Zinnien und Sonnenblumen. Um 1930. Watercolor Watercolor. Signed in lower right. On Japon. 38 x 26.2 cm (14.9 x 10.3 in) , the full sheet.
• With intensiv interior watercoloring. • Flower motif in blazing colors. • Masterly watercolor by the great German expressionist. With a photo expertise issued by Prof. Dr. Manfred Reuther, Foundation Seebüll Ada and Emil Nolde, from January 4, 2012.
PROVENANCE: Galerie Thomas, Munich. Private collection (since 1993, acquired directly from the aforementioned). Private collection Southern Germany.
LITERATURE: Lempertz Cologne, auction on June 3, 1992, lot 343.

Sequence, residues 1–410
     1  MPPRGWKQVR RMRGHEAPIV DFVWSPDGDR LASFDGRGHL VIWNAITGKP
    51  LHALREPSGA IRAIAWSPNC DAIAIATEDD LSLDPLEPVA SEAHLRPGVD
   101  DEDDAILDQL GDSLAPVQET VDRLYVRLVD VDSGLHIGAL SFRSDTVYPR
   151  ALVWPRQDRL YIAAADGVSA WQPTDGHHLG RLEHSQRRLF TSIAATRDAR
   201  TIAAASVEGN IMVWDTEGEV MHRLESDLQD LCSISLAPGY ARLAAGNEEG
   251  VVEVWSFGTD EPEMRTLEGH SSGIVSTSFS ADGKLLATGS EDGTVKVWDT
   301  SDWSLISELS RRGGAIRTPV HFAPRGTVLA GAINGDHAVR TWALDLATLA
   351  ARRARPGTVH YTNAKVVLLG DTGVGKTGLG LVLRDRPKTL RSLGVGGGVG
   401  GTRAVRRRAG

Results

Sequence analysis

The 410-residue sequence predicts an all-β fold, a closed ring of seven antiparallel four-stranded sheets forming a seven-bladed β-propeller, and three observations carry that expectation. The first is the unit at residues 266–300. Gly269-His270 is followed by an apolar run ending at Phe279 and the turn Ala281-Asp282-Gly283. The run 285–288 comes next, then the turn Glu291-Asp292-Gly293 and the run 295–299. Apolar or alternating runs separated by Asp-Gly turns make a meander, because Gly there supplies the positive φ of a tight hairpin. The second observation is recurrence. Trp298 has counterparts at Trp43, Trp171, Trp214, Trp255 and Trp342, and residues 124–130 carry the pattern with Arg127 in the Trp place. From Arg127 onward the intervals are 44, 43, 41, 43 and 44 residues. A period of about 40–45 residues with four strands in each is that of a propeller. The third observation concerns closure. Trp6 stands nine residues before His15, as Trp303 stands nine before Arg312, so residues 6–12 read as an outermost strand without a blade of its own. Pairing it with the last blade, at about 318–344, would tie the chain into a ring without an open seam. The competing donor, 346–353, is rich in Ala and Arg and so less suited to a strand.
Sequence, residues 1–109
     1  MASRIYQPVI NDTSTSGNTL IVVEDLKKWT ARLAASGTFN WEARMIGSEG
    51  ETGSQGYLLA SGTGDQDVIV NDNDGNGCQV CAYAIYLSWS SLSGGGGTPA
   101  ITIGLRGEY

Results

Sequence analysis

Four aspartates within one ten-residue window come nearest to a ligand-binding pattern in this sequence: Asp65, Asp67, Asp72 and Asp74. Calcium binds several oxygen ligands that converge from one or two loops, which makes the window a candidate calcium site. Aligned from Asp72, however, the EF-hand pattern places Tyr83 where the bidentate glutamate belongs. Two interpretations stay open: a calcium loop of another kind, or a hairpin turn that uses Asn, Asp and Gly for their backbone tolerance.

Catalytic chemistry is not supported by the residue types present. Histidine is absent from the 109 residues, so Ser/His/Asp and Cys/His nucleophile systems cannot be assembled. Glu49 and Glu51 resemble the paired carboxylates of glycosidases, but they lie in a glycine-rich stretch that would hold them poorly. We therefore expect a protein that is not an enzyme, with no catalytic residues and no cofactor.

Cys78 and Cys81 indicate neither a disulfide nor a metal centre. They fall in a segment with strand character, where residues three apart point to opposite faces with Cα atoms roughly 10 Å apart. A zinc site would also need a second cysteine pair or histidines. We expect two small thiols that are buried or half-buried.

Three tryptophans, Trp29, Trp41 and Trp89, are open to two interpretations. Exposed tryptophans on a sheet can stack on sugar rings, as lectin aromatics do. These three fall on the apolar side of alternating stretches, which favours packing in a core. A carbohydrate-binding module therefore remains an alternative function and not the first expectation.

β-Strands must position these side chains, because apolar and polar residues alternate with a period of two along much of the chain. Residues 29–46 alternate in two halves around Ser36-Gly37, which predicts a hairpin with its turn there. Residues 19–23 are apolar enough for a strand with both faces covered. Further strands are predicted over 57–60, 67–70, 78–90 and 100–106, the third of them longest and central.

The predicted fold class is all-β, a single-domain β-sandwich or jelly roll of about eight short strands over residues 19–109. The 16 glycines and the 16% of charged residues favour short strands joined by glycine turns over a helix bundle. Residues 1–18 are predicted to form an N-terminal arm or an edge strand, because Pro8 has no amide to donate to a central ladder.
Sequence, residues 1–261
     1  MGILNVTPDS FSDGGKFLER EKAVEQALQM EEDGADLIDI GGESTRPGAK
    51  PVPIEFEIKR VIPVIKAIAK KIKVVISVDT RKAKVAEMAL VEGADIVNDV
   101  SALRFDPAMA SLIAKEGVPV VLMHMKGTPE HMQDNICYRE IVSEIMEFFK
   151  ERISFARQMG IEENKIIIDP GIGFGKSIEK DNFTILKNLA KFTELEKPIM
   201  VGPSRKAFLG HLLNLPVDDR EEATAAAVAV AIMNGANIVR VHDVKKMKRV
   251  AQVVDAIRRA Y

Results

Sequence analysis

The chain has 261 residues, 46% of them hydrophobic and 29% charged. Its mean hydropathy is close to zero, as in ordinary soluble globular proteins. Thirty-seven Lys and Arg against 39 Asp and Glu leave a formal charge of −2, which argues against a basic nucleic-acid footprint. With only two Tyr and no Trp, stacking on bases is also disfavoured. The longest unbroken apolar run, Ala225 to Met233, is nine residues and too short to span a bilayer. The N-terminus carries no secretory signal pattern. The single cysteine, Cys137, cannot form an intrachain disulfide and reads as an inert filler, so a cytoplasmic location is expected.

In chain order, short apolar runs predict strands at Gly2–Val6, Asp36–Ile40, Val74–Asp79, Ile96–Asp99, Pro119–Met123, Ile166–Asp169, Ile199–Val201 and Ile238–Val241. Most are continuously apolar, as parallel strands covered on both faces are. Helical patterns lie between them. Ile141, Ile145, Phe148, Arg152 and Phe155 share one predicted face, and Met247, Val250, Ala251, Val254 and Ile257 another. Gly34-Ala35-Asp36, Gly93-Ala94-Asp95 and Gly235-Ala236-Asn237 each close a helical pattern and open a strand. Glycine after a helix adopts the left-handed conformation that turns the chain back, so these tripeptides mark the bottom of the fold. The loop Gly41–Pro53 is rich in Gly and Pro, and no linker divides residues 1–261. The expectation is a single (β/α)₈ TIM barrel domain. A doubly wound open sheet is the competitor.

Emil Nolde attained an unrivaled mastery in the usage of the watercolor technique that deservedly made him one of the most acclaimed representatives of German Expressionism. The swiftly made paper works require meticulous preparation. In the 1950s Jolanthe Nolde recalled his watercolor technique and describes the procedure as follows: Nolde thinned the single color in a separate vessel filled with water, a task he would always perform himself, because every color requires a different degree of thinning, and he had an instinct for the right ratio. The cups with the colors were placed in certain order in two rows in his studio. He used a different brush for each color, for the important colors he even used a couple of brushes in different sizes. There also were a couple of vessels with clear water into which he dipped the color-soaked brushes before putting the brush onto the paper. Nolde literally worked with a dripping wet brush. He had to work quickly and had to integrate blurs of color into the composition. If Nolde wanted to render a more intensive hue he had to work over the respective spot a few times in row. He hardly mixed the colors as they could become pale. He created color carpets of different intensities. The sheets are soaked with color, the paper’s white tone, which shimmered through in earlier works, was hardly employed any longer. The watercolors are entirely about the nature of the color. The Japan paper, of which he had enormous stocks in his studio, served him as basis to make his beloved colors shine bright and lively. They lend a velvety character to the colors. He worked with thick and soft sheets, absorbent like blotting paper, and also with thinner types of paper. He cut the sheets by hand, which explains the sheets irregular edges. A large number of Emil Nolde’s watercolors were made in this technique. Our fascinating flower composition sports warm autumn colors. Zinnia, red vine leaves and withered sunflowers dominate the depiction. The described method of working in layers becomes particularly obvious in "Zinnien und Sonnenblumen" and makes for its special appeal. Blossoms and leaves reflect golden rays of light, capturing the special autumnal light atmosphere and, in the truest sense of the word, make the work glow. [SM]